When seeking to gain valuable insights from others, the questionnaire is a powerful research tool.
But with great power comes great responsibility – as you embark on your quest for understanding, consider not just the predefined boxes but different types of questionnaires that make a big difference for people filling them out.
Let’s see what they are and how you can use them in your surveys effectively👇
Table of Content
- Types of Questionnaires
- Key Takeaways
- Frequently Asked Questions
More Tips with AhaSlides
Types of Questionnaires
From structured to unstructured, let’s explore the 10 types of questionnaires for your survey needs:
#1. Structured questionnaire
The unstructured questionnaire uses closed-ended questions with predefined answer options like multiple choice, yes/no, tick boxes, drop downs, and such.
Questions are standardised with fixed responses for all respondents, and they are the easiest to analyse in large-scale surveys since responses can be directly coded numerically.
They are best suited for descriptive studies on attributes, behaviours, and attitudes that can be predefined.
Examples of questions include choosing a favourite from a list, rating on a scale, or selecting timeframes.
Be aware that it limits the possibility of unexpected answers outside the provided options and the ability to explore qualitative nuances beyond the options given.
💡 Which questionnaire should you use in research? Explore the best list here.
#2. Unstructured questionnaire
The unstructured questionnaire consists entirely of open-ended questions with no predetermined answers. It allows for flexible, detailed responses in respondents’ own words.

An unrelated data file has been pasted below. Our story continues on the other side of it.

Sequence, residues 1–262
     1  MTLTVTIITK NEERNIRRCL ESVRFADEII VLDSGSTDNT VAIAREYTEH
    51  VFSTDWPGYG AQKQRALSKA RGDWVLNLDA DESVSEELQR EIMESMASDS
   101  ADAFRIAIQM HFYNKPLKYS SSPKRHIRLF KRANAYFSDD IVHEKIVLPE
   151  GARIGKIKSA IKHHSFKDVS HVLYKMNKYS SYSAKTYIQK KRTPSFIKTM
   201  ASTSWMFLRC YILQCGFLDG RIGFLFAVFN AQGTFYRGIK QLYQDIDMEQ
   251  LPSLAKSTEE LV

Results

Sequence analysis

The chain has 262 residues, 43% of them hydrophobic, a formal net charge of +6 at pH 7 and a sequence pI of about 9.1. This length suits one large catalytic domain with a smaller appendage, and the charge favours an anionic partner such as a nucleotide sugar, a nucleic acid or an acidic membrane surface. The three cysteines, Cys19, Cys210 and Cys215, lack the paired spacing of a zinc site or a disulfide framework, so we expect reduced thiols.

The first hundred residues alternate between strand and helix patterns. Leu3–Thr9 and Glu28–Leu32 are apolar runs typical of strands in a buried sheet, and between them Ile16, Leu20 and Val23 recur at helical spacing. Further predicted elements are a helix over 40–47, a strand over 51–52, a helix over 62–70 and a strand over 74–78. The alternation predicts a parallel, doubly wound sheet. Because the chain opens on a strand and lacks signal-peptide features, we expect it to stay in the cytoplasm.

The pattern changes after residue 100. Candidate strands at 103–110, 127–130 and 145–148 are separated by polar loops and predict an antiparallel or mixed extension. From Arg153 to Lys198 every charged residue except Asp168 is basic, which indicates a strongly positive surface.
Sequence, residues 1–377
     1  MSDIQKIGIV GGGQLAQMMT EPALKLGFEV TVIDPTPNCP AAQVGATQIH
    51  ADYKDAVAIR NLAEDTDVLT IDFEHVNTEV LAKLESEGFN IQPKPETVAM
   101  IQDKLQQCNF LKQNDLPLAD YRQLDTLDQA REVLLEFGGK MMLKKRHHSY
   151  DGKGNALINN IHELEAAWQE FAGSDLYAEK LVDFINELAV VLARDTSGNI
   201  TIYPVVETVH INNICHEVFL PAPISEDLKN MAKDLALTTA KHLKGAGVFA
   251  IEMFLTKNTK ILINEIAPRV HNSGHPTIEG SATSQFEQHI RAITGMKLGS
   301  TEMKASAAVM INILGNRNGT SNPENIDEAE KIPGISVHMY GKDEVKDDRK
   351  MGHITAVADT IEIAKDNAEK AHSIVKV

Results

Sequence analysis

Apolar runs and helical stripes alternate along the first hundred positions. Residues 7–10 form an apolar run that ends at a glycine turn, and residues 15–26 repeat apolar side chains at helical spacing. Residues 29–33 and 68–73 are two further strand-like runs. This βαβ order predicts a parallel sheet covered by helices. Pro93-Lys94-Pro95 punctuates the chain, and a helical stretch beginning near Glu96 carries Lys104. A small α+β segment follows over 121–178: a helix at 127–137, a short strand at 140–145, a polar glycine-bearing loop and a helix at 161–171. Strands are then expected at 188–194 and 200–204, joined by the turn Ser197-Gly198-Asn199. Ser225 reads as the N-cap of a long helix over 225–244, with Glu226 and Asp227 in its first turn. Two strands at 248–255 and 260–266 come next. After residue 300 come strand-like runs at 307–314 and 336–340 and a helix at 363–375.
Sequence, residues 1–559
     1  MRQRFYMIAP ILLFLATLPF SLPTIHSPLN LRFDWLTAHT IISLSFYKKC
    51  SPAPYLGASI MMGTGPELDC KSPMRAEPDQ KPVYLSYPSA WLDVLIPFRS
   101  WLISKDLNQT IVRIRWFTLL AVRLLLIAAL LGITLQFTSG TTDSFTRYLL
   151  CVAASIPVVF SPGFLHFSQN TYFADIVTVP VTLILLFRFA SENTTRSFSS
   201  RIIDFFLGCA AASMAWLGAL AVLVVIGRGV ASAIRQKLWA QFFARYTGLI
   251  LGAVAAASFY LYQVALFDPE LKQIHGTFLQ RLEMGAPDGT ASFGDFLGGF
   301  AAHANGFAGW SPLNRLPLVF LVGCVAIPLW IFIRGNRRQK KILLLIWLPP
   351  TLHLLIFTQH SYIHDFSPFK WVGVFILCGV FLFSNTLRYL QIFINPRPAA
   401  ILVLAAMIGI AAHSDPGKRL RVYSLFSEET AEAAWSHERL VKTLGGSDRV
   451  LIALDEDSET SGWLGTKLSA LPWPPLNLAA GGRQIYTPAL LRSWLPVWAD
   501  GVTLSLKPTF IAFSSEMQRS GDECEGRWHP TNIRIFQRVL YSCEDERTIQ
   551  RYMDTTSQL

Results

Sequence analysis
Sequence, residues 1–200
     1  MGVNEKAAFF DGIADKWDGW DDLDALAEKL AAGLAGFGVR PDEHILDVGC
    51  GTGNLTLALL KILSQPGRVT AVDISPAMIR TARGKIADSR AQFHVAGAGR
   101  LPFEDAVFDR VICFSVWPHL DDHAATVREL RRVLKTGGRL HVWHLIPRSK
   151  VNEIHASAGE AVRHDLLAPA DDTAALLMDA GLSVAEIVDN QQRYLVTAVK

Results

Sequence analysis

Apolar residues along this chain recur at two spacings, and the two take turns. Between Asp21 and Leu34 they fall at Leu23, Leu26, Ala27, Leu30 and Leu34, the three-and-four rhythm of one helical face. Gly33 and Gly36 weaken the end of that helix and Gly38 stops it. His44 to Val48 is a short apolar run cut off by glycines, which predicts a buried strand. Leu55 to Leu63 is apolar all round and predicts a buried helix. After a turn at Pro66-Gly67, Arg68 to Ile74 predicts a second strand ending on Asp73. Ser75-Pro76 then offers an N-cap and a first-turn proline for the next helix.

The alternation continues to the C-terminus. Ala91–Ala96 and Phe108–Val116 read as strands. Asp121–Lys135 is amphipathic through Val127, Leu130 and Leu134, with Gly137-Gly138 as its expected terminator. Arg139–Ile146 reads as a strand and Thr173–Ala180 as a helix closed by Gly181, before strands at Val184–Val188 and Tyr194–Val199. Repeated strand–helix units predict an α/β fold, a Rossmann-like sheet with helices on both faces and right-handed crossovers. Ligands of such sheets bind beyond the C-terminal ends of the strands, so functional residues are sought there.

Respondents can answer openly without limiting themselves to fixed options.
It’s helpful early on to identify themes/categories for structured questioning later and with small samples for depth over breadth of insights.
Examples include writing responses for “why” and “how” type questions.
Thus, they are harder to analyse as responses are unstructured text rather than numeric codes. They generate a large volume of text data that requires more time to analyse thoroughly.
#3. Semi-structured questionnaire
The semi-structured questionnaire combines closed and open-ended question formats within one questionnaire.
Open questions allow for personalised responses while closed ones enable statistical analysis.
Examples may include multiple-choice questions with an option for “other” with a comment box, ranking/rating scale questions which can be followed by an open “please explain” question, or demographic questions at the start can be closed like age/gender while occupation is open.
It’s the most widely used type that balances structure with insights while maintaining some standardisation and flexibility for comparative analysis.
Still, it’s important to pilot test question prompts, response scales, and open parts to prevent any lack of context or misinterpretation of questions.
#4. Hybrid questionnaire
The hybrid questionnaire Incorporates a variety of question formats beyond just closed and open-ended.
It may include rating scales, rankings, semantic differentials, and demographic questions. This adds diversity to keep respondents engaged and provides different insights.
For example, asking respondents to rank options followed by an open question or using rating scales for attributes and open comment boxes for elaboration.
Feedback can be numeric as well as descriptive based on the question types used.
It tends to skew more towards flexibility than structured surveys due to a mix of formats.
Using this type of questionnaire enhances richness but also adds more complexity in navigating different analysis approaches, so it’s important to consider how you order and group different question types for a coherent result.
#5. Diagnostic questionnaire
Diagnostic questionnaires are designed specifically to assess or diagnose certain conditions, traits or characteristics.
They aim to evaluate specific symptoms, behaviours or traits related to a particular area of interest like mental health disorders, learning styles, and consumer preferences.
The questions are carefully crafted based on established diagnostic criteria/guidelines for the topic being examined.
In psychology, they aid in diagnosis, treatment planning and monitoring the progress of disorders.